One day they mob alerted right by my feeder. My window in my study faces the feeder and I counted at least two dozen blue jays -- all mob alert screaming. A few jays appeared to be looking through my window at me as they screamed. By the time I made it to the back door, blue jays were everywhere. At least three dozen blue jays were up in the white pine, birch, and one large fir. They were hysterical, so hysterical I imagined a Cooper's hawk or Sharpie was eating an offspring. I opened the door expecting to see a horror story.
In the yard stood a huge, imperious looking Red-tailed hawk staring at the feeder. Actually, not the feeder, but the tube that covers the feeder stand--which protects it from squirrels and raccoons (see below). I opened the door and the hawk flew away, the blue jays trailing him. I at first didn't realize the hawk was staring at the tube, so I assumed the prey was in the yard or up a tree. I walked around and heard this faint dog whine. As I approached the feeder the dog whine grew louder. It came from inside the tube. There was no dog inside the tube, there was a squirrel, hanging on to the stand for dear life. It had crawled up the tube to hide, then found itself trapped. The hawk knew it couldn't hold on forever and was patiently waiting for his meal.
When I knocked on the tube, the squirrel fell down and ran for its life, stopping briefly at the tree to look back and regard me. The yard went quiet. The blue jays were gone.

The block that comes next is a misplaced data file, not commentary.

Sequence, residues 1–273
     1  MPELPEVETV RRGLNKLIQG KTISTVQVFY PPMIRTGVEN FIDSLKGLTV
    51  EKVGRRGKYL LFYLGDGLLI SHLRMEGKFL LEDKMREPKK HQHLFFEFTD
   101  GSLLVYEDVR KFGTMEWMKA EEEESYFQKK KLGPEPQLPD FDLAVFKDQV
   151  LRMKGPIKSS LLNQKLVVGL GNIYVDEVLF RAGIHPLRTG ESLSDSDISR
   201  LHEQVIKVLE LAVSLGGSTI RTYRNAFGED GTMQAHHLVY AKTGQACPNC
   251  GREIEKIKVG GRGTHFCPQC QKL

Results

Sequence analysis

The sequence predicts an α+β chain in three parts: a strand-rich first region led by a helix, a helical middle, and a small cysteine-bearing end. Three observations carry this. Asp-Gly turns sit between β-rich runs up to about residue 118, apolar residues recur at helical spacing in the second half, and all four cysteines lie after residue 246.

They had all saved one squirrel.
OK, this is not too unusual. As I mentioned, mob alerts are common with jays. But in this case, there were literally dozens of blue jays, pulled from every nesting area. I don't think our yard, or even the adjacent yards, have this many blue jays. They were called in. And a few blue jays had looked into my window, screaming at me. The alert was more than a warning to all of their species, or even birds. This huge raptor was no real threat to the birds. He only wanted one thing and one thing only--the squirrel. And these birds wanted to save that one squirrel. Dozens and dozens of of them wanted to save this one squirrel.
Why? Why this one squirrel? I wondered if it was one of the squirrels I had fed one day. The only way I could actually identify squirrels was the missing tail, back when the tailless squirrel was alive. I could also distinguish females from the males during mating season. But other than that, I just didn't know. But I bet the blue jays could tell one squirrel from another. Maybe this was one of the squirrels who took peanuts from my hand. This may have marked it as special friend, and so when it looked like it was about to be eaten, they all went on high alert.
Or maybe not. Maybe they simply protect anything in their territory. Squirrels were part of their territory. But if they did save this one squirrel because by feeding squirrels when I fed them, I had somehow created this "family." Does this means the blue jays have a certain level of empathy and community loyalty that goes beyond their species?
So, when the blue jays scream, I think of that squirrel and realize that scream may be about a huge Red-tailed or broad shouldered hawk, not just a bird eater. They scream quite often because hawks fly over our area often. I wave at hawks when I see them to warn the birds.
But what if a huge hawk was accepted by me? OK, cautiously accepted (One cannot completely trust a hawk). What if I befriended a hawk big enough not to be a threat to birds, perhaps one that helps them by chasing away the Cooper's hawk? Would they scream at this hawk? Could they accept a hawk, as long as that hawk agreed never to eat them? That's the next story.
I like to write about people, animals, dogs. I enjoy ideas, good books about ideas, funny books about ideas, funny people who have ideas, advocates for people who don't have voices to express their ideas, and animals who have ideas we can't understand.